*Throughout her trial, Joan is called on to dress in women’s clothing. Deuteronomy 22:5 states, “A woman shall not be clothed with man's apparel, neither shall a man use woman's apparel: for he that doeth these things is abominable before God.” Research the original reason for this command. Were Joan’s reasons not to follow Scripture sufficient?
The Left Hand of God (1955) is certainly one of Humphrey Bogart’s quirkier role choices, the
kind played by Pat O’Brien in Bogart’s earlier career at Warner Bros.
It is 1947. A priest in China, Father Peter John O’Shay, arrives, takes charge of a mission, and wins the respect of the Chinese Catholics in the village. The American doctor and his wife (E. G. Marshall, Agnes Moorehead), citing reports of unrest, think about leaving; Anne (Gene Tierney), the pretty nurse whose husband’s plane crashed as he brought supplies to the missions, wants to remain with the people for whom he gave his life.
Father O’Shay takes a donkey to visit a Protestant mission in the hills. Soon after, word comes that Mieh Yang (Lee J. Cobb), a fierce warlord, is coming to ransack the village. Days pass and Father O’Shay is nowhere to be seen. Did he flee to save his own life?
Available to rent on Amazon.
*The Catholic Church has sent missionaries to countries since the days of the Apostles. Take a quick look at some of the many tribes in Europe and elsewhere to which the Church brought the blessings of Christ.
*Learn about the present state of the Church in China and how it has deteriorated.
The astonishing success of Hercules, the 1958 Italian production starring muscleman Steve Reeves, inspired a cycle of cheaply made Roman cinema quickly dubbed “Sword and Sandals” epics, often revolving around the legendary Italian hero, Machiste.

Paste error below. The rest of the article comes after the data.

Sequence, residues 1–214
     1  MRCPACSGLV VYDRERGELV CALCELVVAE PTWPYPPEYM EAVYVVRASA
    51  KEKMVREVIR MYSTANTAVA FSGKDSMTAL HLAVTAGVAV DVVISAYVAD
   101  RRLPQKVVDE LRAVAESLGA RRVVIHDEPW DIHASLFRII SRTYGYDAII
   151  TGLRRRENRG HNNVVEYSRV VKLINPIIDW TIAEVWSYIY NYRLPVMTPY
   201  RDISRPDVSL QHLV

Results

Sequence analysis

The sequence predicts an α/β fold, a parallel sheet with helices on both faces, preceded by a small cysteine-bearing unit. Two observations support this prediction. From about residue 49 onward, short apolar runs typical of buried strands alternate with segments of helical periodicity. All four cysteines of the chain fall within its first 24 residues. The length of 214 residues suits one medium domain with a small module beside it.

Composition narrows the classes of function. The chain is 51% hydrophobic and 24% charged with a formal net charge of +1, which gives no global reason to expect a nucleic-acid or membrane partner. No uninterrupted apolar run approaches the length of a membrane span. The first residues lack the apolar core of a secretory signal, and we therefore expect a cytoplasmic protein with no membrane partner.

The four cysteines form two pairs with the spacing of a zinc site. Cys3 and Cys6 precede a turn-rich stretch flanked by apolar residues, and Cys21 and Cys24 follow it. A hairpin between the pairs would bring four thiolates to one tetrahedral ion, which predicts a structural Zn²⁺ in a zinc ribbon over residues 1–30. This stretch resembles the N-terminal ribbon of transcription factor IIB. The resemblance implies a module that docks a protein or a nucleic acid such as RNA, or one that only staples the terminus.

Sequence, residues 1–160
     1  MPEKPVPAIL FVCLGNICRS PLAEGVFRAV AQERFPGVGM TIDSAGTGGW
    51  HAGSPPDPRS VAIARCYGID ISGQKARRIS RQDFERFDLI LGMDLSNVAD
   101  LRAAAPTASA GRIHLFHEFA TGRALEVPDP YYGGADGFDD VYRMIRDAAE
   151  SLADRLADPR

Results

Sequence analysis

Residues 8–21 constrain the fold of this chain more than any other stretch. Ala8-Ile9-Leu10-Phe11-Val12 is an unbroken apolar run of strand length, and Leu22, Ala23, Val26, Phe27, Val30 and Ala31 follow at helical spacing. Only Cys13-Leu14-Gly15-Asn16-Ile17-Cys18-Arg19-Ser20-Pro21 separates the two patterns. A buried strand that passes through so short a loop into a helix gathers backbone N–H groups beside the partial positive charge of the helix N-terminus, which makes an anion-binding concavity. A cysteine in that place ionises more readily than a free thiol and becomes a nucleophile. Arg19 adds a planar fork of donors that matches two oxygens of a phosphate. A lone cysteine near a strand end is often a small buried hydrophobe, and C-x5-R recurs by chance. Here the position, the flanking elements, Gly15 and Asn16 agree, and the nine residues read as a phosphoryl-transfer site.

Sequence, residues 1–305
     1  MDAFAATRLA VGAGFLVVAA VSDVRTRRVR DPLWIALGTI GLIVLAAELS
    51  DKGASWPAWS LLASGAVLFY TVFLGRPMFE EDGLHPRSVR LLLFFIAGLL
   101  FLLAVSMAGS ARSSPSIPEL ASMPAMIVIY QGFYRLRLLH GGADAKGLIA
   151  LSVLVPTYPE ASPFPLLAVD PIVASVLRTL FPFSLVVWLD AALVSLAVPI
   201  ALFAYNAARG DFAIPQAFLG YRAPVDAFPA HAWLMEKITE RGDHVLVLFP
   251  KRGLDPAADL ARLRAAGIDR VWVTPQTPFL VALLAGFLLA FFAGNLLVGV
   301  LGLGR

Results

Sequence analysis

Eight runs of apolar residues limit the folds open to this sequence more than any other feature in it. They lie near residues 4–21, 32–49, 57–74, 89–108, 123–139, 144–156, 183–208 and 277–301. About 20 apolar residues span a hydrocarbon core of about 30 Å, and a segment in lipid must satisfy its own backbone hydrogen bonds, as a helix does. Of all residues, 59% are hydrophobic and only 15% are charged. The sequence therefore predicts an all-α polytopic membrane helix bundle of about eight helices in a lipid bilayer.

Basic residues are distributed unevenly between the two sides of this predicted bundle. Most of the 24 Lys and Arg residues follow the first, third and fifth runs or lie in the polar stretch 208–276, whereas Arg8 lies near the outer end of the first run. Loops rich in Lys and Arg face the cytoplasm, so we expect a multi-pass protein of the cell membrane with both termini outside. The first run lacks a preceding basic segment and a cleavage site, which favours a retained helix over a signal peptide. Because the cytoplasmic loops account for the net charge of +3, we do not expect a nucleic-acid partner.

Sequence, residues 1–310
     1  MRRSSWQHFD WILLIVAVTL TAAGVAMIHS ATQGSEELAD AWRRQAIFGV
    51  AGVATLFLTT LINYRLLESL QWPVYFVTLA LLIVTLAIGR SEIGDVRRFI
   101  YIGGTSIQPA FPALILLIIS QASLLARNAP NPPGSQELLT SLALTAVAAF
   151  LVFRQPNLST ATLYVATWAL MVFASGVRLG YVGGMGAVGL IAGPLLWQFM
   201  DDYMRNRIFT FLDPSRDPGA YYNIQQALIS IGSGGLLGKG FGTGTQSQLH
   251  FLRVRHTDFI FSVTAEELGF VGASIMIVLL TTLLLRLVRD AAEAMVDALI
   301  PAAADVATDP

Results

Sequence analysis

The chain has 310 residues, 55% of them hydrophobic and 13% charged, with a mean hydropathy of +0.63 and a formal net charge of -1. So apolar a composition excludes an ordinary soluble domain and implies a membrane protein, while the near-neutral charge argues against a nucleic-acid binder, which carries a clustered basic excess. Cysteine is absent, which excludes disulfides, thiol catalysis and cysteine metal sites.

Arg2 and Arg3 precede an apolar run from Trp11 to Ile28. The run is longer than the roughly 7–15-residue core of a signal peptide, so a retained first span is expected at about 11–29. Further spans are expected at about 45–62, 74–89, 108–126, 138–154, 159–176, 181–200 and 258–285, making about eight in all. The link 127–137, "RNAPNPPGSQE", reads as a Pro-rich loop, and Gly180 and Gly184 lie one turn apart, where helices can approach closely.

Avco-Embassy Productions dubbed into English a goodly number of these films and brought them to American movie houses. Realizing that the character Machiste had little name recognition for U.S. audiences, the films were retitled as being adventures of the descendants of Hercules.
Unifying the franchise, a snappy new theme song was composed to be sung over the titles and screen credits: “The mighty Sons of Hercules would thunder through the years. / These men of steel could never feel the curse of a thousand fears …” I’ll spare you the rest of the overblown lyrics. When business
fell off, the features were repackaged for television syndication.
In The Terror of Rome Against the Son of Hercules (1964), Poseidon is the name of the lat-est great-great-great etc. grandson of the Greek demigod Hercules. Classical musicians, and a few bewildered theologians, may ask, “Does this make Poseidon a hemidemisemigod?”
Hearing frightened screams nearby, he comes upon Roman soldiers violently attempting to arrest Christians. Leaping into the fray, Poseidon protects the persecuted band. Before the rest can flee in terror, Poseidon bashes in a few skulls while dispatching several snarling soldiers with his short sword.
And yet he is drawn to the new peaceful Christian teachings. In company with the delectable young Christian lass to whom he is attracted, Poseidon even enters a catacomb to attend Mass. And you can tell they’re at Mass — the priest speaks Latin!
Inevitably, Poseidon embraces the faith of Christ. Theological perplexities abound in this adventure making it the ultimate “cross”-over movie.
There is nothing here to embarrass children or parents. Have fun with the one-dimensional storyline, stilted dialogue, and awkward acting. Catcalls should be encouraged to make this an audience-participation movie.
Available on YouTube and DVD.
This film is hilariously bad, yet it can open several discussions with your children about:
*Why were Christians persecuted in the Roman Empire and where are they suffering persecution today?
*The Mass has been celebrated since Pentecost. Show how Acts 2:42 presents a recognizable outline of the Mass.
Sean M. Wright, MA, award-winning journalist, Emmy-nominated television writer, and Master Catechist for the Archdiocese of Los Angeles, is a member of Our Lady of Perpetual Help parish in Santa Clarita. He responds to comments sent to [email protected].